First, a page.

Tanzania has been picked to host the proposed regional heart institute that will serve the entire East African Community (EAC) population.
The institute will also be elevated to the status of a centre of excellence for skills and tertiary education in medical and health sciences in the bloc.
This was announced on Monday at the start of the first regional meeting by the EAC on operationalisation of the multi-national regional centres of excellence in the sector.
Kenya will host the EAC regional kidney institute while Uganda will be the seat of a similar institution responsible for cancer diseases.
Another proposed body is the EAC regional nutritional sciences institute which will be located in Burundi, the meeting at the EAC headquarters was further informed.
Rwanda will be the headquarters of yet another allied institution that will be responsible for bio-medical engineering, e-Health and health rehabilitation sciences.
The five institutions, besides playing their role in medical treatment and research, will be designated centres of excellence.
"Centres of excellence will provide the region with an opportunity to better confront the unusual burden of disease being faced by its populations," said EAC deputy secretary general (Productive and Social Sectors) Jesca Eriyo.
She made the remarks when opening the first EAC regional meeting on the Operationalisation of the Multi-National EAC Regional Centres of Excellence for Skills and Tertiary Education in Higher Medical and Health Sciences.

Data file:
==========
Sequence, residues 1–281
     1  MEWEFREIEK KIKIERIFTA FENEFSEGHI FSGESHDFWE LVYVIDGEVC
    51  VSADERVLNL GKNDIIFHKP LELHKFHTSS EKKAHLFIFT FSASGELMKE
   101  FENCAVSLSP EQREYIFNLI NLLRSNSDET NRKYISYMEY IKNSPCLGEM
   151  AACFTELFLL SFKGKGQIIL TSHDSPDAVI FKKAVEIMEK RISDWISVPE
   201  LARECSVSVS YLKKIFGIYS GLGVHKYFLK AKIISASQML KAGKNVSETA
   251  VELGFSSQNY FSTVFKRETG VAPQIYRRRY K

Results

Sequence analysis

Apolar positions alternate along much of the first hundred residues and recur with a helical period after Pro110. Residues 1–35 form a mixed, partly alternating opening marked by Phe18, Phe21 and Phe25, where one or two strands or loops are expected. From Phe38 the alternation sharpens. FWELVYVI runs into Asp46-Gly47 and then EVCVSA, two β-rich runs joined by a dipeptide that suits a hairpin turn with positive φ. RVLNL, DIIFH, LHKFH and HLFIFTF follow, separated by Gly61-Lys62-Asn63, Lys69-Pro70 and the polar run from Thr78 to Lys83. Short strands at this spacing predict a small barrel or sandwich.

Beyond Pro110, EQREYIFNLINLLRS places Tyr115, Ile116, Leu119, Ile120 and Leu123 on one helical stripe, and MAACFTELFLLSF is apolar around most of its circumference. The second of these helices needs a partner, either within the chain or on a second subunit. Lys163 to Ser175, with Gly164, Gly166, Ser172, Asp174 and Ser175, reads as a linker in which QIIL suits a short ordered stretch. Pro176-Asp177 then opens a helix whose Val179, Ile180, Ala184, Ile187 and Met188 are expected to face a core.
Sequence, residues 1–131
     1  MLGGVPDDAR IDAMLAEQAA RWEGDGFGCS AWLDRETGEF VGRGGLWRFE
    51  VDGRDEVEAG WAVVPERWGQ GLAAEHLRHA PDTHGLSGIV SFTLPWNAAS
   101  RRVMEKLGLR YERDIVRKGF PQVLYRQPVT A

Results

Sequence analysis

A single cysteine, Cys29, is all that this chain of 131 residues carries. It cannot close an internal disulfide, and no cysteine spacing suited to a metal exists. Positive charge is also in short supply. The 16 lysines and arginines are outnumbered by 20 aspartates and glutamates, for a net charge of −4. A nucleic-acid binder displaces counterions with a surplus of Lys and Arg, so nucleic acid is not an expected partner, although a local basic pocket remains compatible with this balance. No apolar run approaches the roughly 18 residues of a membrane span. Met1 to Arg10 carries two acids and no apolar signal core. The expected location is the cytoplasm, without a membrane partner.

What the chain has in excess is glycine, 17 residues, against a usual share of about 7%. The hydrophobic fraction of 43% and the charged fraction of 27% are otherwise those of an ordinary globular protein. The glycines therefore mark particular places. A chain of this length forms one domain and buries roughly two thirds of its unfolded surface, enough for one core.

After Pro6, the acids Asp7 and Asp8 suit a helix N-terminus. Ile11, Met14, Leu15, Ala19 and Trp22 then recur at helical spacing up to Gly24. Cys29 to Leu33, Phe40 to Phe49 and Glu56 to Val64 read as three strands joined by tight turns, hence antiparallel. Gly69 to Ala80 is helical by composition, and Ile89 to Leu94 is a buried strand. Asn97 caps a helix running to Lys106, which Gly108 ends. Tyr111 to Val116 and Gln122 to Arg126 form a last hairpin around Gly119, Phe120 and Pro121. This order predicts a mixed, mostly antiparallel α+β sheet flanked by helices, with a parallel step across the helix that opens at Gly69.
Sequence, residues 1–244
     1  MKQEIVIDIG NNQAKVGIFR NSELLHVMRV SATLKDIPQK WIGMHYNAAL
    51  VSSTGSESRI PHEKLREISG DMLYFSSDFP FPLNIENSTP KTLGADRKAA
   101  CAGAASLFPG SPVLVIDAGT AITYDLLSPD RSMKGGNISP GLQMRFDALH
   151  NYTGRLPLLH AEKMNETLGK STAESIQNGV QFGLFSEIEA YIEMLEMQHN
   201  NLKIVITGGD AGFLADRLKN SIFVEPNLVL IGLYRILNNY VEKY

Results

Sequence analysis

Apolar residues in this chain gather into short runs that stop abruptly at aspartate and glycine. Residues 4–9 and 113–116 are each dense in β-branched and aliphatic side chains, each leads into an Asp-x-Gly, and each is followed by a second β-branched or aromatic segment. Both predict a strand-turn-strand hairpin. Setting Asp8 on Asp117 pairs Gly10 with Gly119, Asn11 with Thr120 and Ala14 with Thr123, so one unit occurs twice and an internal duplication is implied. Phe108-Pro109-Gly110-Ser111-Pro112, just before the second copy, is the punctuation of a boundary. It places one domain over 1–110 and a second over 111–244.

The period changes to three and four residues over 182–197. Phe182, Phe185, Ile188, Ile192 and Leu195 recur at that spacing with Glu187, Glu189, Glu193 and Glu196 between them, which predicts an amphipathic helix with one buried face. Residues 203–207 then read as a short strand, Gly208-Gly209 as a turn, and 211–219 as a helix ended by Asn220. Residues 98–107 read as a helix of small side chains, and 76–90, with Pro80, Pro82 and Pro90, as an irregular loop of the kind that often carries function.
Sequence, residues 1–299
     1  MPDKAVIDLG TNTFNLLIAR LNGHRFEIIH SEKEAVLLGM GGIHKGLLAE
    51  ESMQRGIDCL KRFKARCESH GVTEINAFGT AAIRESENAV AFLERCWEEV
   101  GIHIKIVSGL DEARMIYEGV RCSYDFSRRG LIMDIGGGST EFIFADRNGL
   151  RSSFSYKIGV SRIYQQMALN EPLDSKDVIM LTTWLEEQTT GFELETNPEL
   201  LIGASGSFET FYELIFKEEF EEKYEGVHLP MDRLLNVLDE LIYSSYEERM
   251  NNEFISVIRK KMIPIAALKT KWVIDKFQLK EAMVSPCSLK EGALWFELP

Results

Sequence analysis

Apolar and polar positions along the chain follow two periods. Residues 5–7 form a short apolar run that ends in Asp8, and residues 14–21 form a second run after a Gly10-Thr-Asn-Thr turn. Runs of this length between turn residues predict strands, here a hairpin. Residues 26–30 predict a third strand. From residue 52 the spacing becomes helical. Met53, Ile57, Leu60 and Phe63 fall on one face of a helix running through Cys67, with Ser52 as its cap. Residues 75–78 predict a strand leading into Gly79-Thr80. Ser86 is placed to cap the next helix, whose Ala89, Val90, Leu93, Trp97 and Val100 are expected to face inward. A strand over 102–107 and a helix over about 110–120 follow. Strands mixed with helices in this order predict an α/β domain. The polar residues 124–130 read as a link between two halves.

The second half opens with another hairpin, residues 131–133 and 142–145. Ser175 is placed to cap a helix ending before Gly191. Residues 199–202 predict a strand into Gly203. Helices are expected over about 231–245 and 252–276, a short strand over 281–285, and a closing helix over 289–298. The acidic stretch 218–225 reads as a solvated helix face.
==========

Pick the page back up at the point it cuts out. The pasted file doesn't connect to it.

Communicable diseases, nutritional and maternal and child health complications will be among the focal activities of the new institutions, others being rising incidences of noncommunicable diseases.
"The centres will benefit from and contribute towards the on-going regional efforts to harmonise training, practice and licensing of health professionals as well as other aspects of the EAC Common Market Protocol, including the free movement of professionals and services," Ms Eriyo pointed out.
She urged member countries to invest more money in specialized skills of their health workforce, noting; "This would enable our member countries to effectively narrow the historical gaps in the health workforce and accurately address our future needs".
The meeting at the EAC headquarters in Arusha was told of the existing gaps in human resources for health including inadequate numbers and quality of faculty, insufficient and low quality teaching, treatment and research infrastructure and equipment and the requisite facilities.
Speaking at the forum, Dr Caroline Jehu-Appiah, principal economist at the African Development Bank (AfDB), said the project was a testimony of the Bank's continuous cooperation with regional economic communities and the governments of Uganda, Kenya, Rwanda and Tanzania in many development sectors including Health, Education and Social Protection.
"The overall objective of the project is to address shortages in highly skilled professionals in biomedical specialties to enhance East Africa's competitiveness," she said.
The AfDB official said the second objective of the project was to support the EAC provide overall project coordination, develop regional protocols, undertake labour market analysis and hold annual fora in the target countries.
Source: The Citizen